We sing the praise of him who died

Hymn #340
Text: Thomas Kelly (1769-1855)
Music: 17th century German hymn
Tune name: BRESLAU

 

THE TEXT

Born in Dublin and educated at Trinity College, Dublin, Thomas Kelly intended to go into the law. A deep spiritual yearning took him in another direction. Having taken Holy Orders in 1792, Kelly became an intense and earnest preacher in churches in Dublin, so much so that his Archbishop inhibited from preaching in the city.

Kelly found another mode of expression of his deep piety in hymn writing. He is said to have written 765 hymns, three of which are in our Hymnal, including the triumphant Ascension hymn “The head that once was crown with thorns” (# 106). In a book of hymns published in Kelly’s centenary year, the editor noted:

Mr. Kelly was a man of great and varied learning, skilled in the Oriental tongues, and an excellent Bible critic. He was possessed also of musical talent, and composed and published a work [i.e., a collection of hymns that went through numerous editions] that was received with favour, consisting of music adapted to every form of metre in his hymn-book. Naturally of an amiable disposition and thorough in his Christian piety, Mr. Kelly became the friend of good men, and the advocate of every worthy, benevolent, and religious cause. He was admired alike for his zeal and his humility; and his liberality found ample scope in Ireland, especially during the year of famine.”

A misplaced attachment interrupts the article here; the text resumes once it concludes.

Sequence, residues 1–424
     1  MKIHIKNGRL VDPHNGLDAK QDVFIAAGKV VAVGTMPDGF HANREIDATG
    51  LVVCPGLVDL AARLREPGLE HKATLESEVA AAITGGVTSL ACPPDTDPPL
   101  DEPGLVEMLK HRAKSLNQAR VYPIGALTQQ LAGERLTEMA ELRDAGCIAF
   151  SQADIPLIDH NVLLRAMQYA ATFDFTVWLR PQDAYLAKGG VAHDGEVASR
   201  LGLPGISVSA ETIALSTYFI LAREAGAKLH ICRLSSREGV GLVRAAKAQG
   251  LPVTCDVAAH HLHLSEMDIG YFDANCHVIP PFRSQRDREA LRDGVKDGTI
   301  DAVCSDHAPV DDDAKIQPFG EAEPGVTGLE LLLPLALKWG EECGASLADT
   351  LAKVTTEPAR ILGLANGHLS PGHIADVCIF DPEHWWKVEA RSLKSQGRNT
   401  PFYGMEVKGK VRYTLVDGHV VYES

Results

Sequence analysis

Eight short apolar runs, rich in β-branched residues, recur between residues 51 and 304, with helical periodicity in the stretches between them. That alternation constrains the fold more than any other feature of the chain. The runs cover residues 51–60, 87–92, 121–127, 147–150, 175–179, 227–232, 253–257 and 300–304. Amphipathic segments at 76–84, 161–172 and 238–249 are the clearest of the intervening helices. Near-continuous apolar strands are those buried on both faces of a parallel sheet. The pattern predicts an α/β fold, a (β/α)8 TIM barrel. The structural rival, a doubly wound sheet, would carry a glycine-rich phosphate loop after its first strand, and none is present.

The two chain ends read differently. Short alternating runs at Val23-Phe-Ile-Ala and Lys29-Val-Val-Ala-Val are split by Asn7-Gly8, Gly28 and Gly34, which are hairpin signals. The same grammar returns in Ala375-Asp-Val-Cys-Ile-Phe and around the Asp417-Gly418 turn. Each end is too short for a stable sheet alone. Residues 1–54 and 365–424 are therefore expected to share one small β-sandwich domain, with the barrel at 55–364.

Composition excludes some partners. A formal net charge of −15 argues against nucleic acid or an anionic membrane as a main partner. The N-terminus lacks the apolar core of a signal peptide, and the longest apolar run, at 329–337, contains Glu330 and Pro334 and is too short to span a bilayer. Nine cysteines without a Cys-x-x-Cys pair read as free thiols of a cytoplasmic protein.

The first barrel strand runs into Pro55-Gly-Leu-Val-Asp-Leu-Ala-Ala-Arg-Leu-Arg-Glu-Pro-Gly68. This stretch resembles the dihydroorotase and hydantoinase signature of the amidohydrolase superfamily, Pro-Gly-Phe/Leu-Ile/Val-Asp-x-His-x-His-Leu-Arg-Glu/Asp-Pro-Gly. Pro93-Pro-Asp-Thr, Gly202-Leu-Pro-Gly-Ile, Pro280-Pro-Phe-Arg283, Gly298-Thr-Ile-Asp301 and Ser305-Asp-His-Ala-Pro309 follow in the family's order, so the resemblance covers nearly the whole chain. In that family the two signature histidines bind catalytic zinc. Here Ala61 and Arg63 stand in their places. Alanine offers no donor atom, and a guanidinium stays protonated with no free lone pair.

This hymn was first published in 1815, with the caption: “God forbid that I should glory, save in the cross.”

1. We sing the praise of him who died,
of him who died upon the cross;
the sinner’s hope let men deride,
for this we count the world but loss.

2. Inscribed upon the cross we see
in shining letters, God is love;
he bears our sins upon the tree;
he brings us mercy from above.

3. The cross! It takes our guilt away:
it holds the fainting spirit up;
it cheers with hope the gloomy day,
and sweetens every bitter cup.

4. It makes the coward spirit brave,
and nerves the feeble arm for fight;
it takes its terror from the grave,
and gilds the bed of death with light.

5. The balm of life, the cure of woe,
the measure and the pledge of love,
the sinner’s refuge here below,
the angels’ theme in heaven above.

 

THE TUNE

First published in 1625 in Leipzig, BRESLAU may be based on a mid-15th century predecessor. It is also used as an alternate tune for “Creator of the stars of night” (#6). In our parish, we prefer to sing the plainchant tune with that hymn. BRESLAU has a sturdy and unadorned confidence, suitable for meditation upon the cross (if not for conveying wonder at the Incarnation).

Below is Andrew Remillard’s rendition of this hymn on piano.